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On behalf of Michael Brooks of Law Offices of Michael A. Brooks posted in commercial real estate on Friday, January 19, 2018.

Is Zillow unfairly letting some of its partner brokers drop the “Zestimate” values of certain pieces of real estate in order to scare buyers away from the competition?

A New Jersey group thinks so. It’s suing Zillow for what is essentially a violation of anti-trust laws and unfair competition.

Zillow’s brand is reliant on its marketing itself as a transparent tool that any buyer or seller can use to get a somewhat realistic value of a property. It does, however, offer the disclaimer that its prices aren’t necessarily accurate. Yet, buyers who are looking for houses often see the Zestimate immediately below a home’s list price.

When the discrepancy is small, that might not be any big deal. When the discrepancy is thousands — or even millions — of dollars apart, that is likely to make buyers run the other direction.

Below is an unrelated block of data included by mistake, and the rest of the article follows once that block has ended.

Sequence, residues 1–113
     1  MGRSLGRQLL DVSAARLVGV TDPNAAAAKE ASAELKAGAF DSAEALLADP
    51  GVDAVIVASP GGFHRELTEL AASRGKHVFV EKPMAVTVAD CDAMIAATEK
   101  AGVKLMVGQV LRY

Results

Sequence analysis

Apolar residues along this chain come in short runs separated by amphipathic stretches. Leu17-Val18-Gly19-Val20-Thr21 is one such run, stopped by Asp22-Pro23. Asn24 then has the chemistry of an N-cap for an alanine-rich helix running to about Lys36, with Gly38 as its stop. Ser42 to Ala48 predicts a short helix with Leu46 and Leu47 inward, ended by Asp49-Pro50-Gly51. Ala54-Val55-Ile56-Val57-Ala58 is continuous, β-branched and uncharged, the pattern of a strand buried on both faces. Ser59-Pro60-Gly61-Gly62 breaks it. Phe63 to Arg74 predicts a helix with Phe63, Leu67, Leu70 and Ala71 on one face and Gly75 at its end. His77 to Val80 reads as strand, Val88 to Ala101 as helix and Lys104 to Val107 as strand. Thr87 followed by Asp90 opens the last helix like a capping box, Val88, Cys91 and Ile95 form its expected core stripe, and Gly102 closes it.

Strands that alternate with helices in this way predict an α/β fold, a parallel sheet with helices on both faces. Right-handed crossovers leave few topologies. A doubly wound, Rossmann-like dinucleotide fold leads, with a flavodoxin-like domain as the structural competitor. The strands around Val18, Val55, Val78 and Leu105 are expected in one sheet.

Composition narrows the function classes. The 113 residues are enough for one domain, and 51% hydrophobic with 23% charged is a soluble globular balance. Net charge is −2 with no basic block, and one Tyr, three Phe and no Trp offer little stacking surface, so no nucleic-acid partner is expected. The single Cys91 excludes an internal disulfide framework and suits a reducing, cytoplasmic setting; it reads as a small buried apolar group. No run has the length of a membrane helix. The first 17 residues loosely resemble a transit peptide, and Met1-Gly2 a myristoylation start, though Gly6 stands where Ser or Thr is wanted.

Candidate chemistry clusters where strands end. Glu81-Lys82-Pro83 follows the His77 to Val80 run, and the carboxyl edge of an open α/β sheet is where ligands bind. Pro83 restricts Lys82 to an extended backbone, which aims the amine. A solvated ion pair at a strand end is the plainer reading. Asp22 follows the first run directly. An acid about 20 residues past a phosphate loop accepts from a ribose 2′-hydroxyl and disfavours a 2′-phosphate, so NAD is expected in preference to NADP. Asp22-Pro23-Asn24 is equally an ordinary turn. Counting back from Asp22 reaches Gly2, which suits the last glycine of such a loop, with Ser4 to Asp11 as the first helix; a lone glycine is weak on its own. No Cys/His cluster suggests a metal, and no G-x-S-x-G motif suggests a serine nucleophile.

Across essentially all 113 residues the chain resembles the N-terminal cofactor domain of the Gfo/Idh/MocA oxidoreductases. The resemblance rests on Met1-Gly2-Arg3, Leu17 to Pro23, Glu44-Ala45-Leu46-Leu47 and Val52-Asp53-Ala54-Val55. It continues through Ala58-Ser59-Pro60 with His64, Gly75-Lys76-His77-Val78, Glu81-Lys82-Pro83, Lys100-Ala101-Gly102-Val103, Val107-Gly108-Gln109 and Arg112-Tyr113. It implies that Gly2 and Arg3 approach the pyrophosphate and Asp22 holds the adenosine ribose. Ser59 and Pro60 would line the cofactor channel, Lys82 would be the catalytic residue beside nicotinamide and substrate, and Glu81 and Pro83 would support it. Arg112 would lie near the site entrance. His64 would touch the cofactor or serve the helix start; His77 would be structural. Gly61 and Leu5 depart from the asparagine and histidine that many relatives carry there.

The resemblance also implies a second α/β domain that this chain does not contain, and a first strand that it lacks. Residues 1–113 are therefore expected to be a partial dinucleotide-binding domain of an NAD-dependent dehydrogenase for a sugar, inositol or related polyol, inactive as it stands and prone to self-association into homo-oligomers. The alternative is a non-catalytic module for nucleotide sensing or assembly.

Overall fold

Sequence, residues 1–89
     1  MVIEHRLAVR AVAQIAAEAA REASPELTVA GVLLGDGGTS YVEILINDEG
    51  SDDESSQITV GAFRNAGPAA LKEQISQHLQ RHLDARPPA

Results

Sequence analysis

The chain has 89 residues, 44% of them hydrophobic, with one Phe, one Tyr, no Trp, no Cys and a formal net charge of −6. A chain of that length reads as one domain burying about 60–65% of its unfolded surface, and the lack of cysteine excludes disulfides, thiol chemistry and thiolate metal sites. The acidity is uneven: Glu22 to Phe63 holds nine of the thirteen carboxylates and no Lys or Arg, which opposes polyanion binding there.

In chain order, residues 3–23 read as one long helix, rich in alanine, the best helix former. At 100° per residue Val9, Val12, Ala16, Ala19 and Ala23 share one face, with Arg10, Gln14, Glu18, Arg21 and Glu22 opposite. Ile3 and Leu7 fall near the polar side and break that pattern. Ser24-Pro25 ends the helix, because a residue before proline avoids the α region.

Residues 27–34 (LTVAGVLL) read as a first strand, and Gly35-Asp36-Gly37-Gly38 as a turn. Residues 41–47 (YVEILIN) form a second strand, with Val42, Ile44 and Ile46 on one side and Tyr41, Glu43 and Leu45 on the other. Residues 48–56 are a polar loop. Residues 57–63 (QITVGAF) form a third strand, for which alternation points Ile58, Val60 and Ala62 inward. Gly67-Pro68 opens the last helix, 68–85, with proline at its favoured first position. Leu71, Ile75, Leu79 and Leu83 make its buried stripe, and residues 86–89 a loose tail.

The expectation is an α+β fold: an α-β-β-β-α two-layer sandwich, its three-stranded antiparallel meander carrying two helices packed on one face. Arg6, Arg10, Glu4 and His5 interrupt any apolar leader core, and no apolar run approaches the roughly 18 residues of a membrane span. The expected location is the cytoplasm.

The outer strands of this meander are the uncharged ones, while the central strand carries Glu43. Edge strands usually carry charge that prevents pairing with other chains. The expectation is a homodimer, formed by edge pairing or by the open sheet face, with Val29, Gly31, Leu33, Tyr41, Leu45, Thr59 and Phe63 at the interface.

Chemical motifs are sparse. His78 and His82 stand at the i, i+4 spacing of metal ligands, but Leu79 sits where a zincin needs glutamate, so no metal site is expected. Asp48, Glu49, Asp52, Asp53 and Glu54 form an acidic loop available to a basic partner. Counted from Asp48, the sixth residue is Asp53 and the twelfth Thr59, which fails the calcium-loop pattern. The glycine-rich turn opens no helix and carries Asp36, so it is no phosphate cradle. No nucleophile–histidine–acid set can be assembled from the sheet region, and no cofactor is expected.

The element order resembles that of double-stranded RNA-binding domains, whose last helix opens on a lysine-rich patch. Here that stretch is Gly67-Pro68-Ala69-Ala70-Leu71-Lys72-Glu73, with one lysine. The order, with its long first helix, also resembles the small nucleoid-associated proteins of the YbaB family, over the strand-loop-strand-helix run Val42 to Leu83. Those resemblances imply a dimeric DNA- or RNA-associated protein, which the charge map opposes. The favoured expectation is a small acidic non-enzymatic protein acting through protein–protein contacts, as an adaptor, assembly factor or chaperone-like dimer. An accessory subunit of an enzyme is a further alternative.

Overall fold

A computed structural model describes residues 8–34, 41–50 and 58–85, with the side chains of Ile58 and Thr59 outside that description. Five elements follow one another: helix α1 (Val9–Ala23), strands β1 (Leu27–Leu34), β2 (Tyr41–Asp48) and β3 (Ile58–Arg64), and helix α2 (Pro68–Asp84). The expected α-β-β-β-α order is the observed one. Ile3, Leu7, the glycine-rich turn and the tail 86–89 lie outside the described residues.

Which is exactly what the New Jersey group says happened when it listed a mansion overlooking a cliff at around $7.8 million. Zillow valued it at less than $4 million instead.

Zillow was the first website to give consumers the ability to see real estate values for themselves, granting easy access to things like recent sales in a neighborhood and current listings. However, the Zestimate algorithm that computes a home’s value can be easily skewed — and there are real estate professionals who believe that Zillow is a nightmare to their trade.

If a real estate broker is a Zillow partner, he or she can move the Zestimate or alter it if it reads too low. Nonpartner brokers don’t have that option. That’s the basis for the unfair competition suit because Zillow allows those who partner with the company a competitive edge with consumers who take the site’s property value estimations as gospel.

While it remains to be seen how this suit will turn out, so far Zillow has weathered previous claims of unfair play because it has always been clear that it is only one data point out of a whole consumers should consider.

Perhaps the best lesson that can be taken from the whole thing is that there’s simply no replacement — for now — for professional real estate advice.

Source: GeekWire, “Zillow sued over how it displays Zestimate home valuation tool in some partner listings,” Nat Levy, Jan. 16, 2018

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